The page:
Internal Displacement has long been a concern of the international community due to its significant implication in international humanitarian engagement especially that it has far reaching and multifaceted consequences to the displaced. It indiscriminately affects human condition and interaction whether it is political, economic or social. It has been observed that displaced persons, especially the more vulnerable groups, are placed in helpless positions and often experienced human rights violations, discrimination and loss of social and economic rights (Turner, 2000; Kellenberger, 2009). In addition, the reality of insufficient or lack of IDP data as proven in the Southern Mindanao can be a hindrance to the humanitarian efforts to address the plight of the IDPs . This is attributed to poor access to comprehensive and updated data on internal displacement. In fact, the need to quantify data is proven to be a major and methodological challenge to all humanitarian actors (Norwegian Refugee Council, 2002). As such, there is a need of IDP profiling to determine the degree and accurate numeral account of displacement. In turn, patterns could emerge from these data that can be used to forecast or influence future decision of migration and provide sufficient response to the situation of the IDPs.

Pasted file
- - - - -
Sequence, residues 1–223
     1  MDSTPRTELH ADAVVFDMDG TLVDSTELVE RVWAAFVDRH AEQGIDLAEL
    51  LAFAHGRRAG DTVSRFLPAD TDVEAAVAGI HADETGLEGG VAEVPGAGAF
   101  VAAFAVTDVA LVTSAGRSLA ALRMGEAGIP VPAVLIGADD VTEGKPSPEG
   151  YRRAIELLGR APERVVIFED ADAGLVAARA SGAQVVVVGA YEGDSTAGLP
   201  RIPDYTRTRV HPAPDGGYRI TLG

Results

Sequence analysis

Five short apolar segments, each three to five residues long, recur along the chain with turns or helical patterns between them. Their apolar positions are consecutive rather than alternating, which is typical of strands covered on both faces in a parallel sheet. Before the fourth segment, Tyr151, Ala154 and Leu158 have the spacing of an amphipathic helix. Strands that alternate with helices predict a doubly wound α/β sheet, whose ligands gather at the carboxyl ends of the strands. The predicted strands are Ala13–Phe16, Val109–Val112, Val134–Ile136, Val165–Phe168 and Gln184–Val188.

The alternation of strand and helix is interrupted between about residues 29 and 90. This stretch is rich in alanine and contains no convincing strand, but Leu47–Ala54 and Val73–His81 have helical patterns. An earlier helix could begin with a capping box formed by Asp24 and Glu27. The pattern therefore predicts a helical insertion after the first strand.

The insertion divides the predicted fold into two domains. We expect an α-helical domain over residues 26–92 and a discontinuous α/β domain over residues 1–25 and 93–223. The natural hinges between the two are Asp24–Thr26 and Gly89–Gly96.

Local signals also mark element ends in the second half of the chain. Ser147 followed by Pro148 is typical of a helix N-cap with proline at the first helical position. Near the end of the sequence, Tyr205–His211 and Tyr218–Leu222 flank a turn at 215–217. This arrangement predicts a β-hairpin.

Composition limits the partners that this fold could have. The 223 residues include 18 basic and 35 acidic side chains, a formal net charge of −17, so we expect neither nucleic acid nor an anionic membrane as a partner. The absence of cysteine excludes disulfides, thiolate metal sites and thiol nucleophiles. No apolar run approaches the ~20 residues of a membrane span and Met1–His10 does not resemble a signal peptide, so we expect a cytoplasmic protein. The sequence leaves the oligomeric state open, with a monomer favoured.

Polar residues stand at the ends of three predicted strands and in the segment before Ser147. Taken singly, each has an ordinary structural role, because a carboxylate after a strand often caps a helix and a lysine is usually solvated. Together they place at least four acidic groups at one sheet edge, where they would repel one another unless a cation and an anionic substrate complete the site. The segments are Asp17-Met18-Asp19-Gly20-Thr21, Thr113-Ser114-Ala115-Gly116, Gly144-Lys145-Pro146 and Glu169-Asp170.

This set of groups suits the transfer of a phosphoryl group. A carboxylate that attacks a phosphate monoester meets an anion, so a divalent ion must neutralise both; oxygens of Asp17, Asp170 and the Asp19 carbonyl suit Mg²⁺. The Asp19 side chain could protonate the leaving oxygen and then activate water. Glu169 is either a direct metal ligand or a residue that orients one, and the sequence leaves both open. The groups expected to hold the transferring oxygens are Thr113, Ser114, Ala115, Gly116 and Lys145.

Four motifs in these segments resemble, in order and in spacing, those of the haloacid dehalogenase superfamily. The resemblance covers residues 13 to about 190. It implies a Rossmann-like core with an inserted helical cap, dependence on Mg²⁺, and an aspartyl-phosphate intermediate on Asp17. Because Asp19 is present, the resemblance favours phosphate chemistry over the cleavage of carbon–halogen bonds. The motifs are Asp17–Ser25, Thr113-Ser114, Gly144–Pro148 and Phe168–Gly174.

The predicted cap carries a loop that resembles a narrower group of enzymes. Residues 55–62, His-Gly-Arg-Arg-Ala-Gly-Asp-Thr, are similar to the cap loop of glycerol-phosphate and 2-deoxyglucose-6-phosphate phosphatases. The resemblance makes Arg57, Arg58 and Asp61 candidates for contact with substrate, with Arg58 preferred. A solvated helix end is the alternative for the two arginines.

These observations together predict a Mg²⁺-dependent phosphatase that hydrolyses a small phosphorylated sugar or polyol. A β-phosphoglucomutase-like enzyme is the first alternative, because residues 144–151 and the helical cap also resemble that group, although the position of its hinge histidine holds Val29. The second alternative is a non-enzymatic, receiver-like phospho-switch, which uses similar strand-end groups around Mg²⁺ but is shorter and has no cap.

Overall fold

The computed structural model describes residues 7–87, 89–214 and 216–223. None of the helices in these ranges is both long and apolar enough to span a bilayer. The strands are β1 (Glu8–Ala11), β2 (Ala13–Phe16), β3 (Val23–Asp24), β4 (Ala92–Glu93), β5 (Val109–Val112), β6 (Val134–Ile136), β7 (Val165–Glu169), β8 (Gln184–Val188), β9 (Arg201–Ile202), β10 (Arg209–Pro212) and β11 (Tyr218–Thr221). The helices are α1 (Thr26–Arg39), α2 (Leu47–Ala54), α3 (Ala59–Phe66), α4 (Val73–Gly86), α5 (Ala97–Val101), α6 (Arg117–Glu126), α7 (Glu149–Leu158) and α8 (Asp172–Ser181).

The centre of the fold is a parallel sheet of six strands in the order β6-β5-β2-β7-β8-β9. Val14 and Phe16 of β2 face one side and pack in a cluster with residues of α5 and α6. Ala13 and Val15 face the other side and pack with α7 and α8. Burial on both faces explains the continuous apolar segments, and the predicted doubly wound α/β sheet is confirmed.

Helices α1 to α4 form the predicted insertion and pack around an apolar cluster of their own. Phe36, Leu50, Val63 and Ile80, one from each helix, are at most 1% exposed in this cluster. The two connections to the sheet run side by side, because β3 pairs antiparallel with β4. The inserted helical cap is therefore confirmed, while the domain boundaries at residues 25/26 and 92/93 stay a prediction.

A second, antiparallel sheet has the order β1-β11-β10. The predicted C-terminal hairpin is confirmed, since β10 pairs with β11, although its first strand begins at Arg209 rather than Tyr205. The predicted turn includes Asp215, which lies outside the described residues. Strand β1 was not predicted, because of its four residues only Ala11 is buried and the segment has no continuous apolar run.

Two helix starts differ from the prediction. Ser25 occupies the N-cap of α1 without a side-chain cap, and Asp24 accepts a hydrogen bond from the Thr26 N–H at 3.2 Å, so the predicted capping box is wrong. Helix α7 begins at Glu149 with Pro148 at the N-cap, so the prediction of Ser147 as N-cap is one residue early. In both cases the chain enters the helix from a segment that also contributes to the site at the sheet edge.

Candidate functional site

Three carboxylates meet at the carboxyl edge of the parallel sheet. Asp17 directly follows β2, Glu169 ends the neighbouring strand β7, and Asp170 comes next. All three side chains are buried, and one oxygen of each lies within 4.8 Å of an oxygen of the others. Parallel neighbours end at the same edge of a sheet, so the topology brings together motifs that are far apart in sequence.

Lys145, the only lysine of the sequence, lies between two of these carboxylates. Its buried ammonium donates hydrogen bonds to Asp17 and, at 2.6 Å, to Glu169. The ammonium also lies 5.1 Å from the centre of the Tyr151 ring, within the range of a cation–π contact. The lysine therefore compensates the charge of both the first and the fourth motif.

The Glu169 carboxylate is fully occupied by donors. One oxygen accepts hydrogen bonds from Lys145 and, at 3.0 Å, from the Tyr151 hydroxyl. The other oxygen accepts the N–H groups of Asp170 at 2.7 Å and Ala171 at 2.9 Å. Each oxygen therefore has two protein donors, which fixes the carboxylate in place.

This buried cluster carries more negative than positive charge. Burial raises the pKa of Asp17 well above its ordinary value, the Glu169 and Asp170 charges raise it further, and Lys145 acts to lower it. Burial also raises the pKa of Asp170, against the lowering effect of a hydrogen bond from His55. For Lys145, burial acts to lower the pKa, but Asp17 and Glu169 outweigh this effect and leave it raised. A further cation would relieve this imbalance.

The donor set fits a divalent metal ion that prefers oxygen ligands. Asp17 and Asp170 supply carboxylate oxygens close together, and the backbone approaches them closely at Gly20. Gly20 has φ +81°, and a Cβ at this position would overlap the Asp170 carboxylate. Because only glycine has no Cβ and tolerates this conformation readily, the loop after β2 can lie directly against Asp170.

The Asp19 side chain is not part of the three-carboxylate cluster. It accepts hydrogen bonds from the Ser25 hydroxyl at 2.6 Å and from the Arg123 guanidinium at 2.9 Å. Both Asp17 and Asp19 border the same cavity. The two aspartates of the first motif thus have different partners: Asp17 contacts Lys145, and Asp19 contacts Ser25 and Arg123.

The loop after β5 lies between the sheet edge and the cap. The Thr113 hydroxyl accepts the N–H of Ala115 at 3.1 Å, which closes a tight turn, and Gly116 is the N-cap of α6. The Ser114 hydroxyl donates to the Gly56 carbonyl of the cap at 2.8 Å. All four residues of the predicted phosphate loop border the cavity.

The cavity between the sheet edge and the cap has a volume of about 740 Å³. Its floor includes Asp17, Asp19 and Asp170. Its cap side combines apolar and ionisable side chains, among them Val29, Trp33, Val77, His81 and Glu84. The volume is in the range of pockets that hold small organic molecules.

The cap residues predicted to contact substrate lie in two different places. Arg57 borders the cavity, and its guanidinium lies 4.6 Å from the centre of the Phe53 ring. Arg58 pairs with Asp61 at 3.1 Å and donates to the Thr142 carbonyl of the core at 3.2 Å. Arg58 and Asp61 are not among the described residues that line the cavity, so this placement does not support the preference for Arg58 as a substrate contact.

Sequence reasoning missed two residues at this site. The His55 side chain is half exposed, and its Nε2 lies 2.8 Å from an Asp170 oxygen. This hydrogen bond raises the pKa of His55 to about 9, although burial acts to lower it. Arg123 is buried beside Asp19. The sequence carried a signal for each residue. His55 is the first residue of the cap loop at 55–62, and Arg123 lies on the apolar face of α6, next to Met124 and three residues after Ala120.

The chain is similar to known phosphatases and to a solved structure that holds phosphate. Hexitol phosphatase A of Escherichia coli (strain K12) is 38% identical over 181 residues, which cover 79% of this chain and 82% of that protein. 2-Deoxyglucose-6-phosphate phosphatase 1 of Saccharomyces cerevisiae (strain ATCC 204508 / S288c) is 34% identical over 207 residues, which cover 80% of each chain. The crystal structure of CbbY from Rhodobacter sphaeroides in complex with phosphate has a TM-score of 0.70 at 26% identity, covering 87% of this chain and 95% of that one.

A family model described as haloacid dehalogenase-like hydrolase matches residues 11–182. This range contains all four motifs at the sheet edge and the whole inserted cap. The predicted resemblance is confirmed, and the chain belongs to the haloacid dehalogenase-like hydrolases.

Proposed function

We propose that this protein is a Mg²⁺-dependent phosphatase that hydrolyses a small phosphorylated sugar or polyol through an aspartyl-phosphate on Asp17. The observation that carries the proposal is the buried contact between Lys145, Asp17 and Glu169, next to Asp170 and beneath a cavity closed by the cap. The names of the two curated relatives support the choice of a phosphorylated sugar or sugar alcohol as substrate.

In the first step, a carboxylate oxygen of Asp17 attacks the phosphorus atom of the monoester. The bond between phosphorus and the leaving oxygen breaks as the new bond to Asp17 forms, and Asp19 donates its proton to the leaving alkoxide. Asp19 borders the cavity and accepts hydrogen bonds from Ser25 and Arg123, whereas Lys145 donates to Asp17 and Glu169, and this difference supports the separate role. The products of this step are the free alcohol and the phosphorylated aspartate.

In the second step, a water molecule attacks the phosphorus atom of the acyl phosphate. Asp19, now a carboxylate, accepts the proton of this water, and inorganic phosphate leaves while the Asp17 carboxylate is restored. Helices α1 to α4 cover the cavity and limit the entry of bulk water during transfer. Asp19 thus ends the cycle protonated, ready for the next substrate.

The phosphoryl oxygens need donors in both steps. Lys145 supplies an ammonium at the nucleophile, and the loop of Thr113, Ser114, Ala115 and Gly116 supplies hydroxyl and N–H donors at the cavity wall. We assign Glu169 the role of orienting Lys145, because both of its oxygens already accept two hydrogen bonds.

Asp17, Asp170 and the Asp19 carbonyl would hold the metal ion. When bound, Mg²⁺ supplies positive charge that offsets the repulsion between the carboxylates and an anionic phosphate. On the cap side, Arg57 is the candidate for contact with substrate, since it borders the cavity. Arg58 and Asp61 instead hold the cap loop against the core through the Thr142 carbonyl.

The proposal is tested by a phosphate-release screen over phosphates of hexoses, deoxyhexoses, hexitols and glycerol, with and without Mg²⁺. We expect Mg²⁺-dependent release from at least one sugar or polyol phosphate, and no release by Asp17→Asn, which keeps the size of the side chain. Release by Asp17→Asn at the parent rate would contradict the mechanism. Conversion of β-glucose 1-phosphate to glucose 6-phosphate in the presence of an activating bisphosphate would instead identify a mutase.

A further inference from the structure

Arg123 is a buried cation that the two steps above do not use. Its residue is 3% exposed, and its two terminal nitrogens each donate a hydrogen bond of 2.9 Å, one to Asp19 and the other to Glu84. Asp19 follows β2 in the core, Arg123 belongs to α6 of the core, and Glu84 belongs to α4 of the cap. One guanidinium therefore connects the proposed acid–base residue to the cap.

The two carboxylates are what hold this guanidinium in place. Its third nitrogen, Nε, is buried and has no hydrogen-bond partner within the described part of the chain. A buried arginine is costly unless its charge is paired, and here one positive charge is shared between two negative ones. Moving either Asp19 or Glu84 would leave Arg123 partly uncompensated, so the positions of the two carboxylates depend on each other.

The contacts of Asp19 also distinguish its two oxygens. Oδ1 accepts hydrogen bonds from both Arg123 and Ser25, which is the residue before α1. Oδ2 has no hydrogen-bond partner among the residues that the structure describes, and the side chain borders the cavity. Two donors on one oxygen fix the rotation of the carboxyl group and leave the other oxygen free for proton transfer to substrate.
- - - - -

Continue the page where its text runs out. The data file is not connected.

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The first step in responding to the plight of the IDPs is identifying them. The process of collecting data of IDPs is called IDP profiling which is defined in the Guidance on Profiling internally Pisplaced Person (2008) as “the collaborative process of identifying internally displaced groups or individuals through data collection, including counting, and analysis, in order to take action to advocate on their behalf, to protect and assist them and, eventually, to help bring about a solution to their displacement”